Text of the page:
Wayne Smith was born in Putāruru, a small town in the South Waikato District, on April 19, 1957. Putāruru's economy is based on farming, forestry, bottled water and timber production. It’s a humble place where working class values are respected. When Smith was asked on Thursday what would be happening in Putāruru on World Cup final night he responded.

“My mum will be there…She’s going to be 92 in January, she’ll have a cushion up around her face just in case we make a mistake.”

Smith attended Putāruru College between 1970 and 1974 where he was a member of the First XV, who in those days beat Hamilton Boys’ High School.

In a sporting context there is something in the water in Putāruru. Fellow World Cup winning All Black Grant Fox was from there as are Black Ferns Honey Hireme-Smiler and pioneer Sue Garden-Bachop, the late wife of All Black Stephen Bachop and mother of two Māori All Blacks, Jackson, and Connor. 

Nigel Hotham is another who counts Putāruru as home. Hotham has won more National Secondary Schools Rugby sevens and First XV titles than anyone. For two decades he’s been the brainchild and inspiration behind the world-leading Hamilton Boys’ High School rugby program. He’s a close mate of Smithy. His stepdaughter Jazmin Hotham-Felix is in the Black Ferns Sevens.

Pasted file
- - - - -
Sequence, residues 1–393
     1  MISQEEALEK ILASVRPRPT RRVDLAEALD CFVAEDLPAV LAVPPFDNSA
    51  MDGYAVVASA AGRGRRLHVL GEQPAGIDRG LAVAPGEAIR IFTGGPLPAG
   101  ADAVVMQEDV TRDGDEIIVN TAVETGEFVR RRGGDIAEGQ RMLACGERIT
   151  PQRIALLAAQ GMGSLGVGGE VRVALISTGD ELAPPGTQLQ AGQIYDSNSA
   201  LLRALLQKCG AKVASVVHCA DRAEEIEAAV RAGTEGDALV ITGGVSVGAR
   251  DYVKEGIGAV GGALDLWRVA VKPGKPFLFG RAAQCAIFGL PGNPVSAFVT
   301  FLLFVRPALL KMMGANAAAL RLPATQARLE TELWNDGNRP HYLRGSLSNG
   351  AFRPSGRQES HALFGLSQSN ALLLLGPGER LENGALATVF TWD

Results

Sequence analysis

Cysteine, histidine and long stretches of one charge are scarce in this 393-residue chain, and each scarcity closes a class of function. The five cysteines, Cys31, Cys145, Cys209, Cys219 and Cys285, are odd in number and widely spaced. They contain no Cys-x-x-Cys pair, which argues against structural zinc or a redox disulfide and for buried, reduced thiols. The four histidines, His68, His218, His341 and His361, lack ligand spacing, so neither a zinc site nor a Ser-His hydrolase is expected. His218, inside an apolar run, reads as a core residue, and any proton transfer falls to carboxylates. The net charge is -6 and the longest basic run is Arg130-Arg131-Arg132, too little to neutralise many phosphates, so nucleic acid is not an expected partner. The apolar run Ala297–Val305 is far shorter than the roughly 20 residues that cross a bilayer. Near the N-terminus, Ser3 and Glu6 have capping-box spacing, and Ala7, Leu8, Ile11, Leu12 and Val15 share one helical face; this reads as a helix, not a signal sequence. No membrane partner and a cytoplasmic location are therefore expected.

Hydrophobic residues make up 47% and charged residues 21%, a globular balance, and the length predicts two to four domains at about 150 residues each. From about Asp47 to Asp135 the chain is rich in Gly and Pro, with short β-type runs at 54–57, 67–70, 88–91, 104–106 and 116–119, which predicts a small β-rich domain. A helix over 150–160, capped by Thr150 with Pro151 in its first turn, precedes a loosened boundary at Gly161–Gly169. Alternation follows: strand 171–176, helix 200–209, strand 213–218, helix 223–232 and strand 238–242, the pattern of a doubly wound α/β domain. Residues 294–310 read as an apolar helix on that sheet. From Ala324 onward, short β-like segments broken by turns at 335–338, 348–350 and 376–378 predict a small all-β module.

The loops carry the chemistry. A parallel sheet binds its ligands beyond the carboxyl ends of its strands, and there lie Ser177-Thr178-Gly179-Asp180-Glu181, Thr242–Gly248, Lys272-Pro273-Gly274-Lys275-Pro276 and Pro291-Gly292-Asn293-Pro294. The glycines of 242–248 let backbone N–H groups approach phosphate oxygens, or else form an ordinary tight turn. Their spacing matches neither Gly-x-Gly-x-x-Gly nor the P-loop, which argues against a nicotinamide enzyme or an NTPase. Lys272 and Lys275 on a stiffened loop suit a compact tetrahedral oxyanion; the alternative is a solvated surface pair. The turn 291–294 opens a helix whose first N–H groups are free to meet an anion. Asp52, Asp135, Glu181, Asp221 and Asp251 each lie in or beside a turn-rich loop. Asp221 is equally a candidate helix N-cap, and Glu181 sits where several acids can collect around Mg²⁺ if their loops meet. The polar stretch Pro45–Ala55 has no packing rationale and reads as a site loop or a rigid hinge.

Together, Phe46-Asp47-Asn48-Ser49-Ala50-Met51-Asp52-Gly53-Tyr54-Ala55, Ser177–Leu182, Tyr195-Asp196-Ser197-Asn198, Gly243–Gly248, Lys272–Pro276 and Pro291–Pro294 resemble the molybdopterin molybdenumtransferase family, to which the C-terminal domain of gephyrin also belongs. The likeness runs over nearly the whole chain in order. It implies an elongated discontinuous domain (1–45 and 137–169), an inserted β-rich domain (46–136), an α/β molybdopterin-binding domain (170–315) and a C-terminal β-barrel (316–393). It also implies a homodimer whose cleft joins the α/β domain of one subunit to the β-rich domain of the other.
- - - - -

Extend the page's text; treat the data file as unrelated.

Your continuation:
Playing Career

Smith graduated from the University of Waikato with a Bachelor of Social Sciences in 1979 and relocated to Christchurch.

He made his first-class debut for Canterbury out of the Belfast club in the same year at first-five. He arrived as Canterbury were seeking a long-term replacement for All Black Doug Bruce who made 106 appearances for the province.

Smith showed quick promise and was selected (All Black 806) for the 1980 tour of Australia. He played six games, including the first Test which was lost 9-13. He was injured and didn’t feature on the tour again.